It is sad that Mr. Husain gave up his Indian nationality, following his struggle with a small group of hardliners and indifference on the part of the state. But is that not the way of life in any nation that is in the making? Nobel laureate Orhan Pamuk had similar problems but he continues to be Turkish. Mr. Husain had every right to be fed up with the system but he should have stayed back and fought in the larger interest of nation-building.
The harassment faced by Mr. Husain in India, by people purportedly defending the Hindu religion, is a shame on Hinduism as much as it is a blot on democracy. There is no doubt that it deserves to be condemned unequivocally. But how will Mr. Husain's agony of not being able to live in his motherland be lessened by his becoming a Qatar national?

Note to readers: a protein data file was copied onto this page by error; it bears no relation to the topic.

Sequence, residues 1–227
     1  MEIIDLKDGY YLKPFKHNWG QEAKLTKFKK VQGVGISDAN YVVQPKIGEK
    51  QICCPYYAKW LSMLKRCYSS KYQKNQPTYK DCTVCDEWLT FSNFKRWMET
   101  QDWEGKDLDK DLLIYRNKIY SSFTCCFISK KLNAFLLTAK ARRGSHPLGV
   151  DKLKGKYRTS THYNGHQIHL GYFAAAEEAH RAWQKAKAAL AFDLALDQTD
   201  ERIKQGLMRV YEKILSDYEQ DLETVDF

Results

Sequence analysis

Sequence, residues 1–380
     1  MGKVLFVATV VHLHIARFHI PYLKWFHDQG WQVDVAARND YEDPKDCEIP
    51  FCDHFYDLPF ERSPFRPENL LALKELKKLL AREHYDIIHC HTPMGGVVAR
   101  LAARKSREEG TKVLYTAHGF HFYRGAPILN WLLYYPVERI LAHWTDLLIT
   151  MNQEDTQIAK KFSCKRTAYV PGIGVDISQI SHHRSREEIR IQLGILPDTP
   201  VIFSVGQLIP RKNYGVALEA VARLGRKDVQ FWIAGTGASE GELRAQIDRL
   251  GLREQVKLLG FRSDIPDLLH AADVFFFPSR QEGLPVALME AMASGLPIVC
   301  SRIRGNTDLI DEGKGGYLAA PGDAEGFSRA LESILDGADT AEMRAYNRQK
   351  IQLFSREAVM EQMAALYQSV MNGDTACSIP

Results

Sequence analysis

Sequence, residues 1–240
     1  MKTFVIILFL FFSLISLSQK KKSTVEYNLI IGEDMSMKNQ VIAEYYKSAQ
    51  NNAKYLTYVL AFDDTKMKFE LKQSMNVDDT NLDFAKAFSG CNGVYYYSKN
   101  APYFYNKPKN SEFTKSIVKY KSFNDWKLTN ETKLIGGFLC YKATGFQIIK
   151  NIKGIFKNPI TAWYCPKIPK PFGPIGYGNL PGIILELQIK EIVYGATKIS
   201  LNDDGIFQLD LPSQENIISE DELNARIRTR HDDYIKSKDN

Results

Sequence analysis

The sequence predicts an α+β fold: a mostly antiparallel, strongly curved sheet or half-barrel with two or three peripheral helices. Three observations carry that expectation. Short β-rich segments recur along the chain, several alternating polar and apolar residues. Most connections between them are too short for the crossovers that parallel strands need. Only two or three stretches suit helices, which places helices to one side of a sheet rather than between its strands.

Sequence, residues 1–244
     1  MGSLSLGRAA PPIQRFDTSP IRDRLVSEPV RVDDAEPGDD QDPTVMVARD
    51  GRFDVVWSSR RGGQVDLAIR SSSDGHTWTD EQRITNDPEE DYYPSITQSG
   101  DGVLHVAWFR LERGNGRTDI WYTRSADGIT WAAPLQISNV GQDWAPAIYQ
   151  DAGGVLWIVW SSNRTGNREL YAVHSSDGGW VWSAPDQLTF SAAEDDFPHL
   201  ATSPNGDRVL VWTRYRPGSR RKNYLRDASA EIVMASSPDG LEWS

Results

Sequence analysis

Mr. Husain redefined art, taking it to great heights. His name is synonymous with creativity, style and innovation. His experiments with new forms of art were unusual and pioneering. But while blending ethnic and mythological themes to create luminous art forms, he overlooked the subtle demarcation between the creative and the objectionable. Although art cannot and should not be guided by any rule, an artist needs to be both responsible and creative. Every Indian is proud of Mr. Husain and is ready to welcome him back.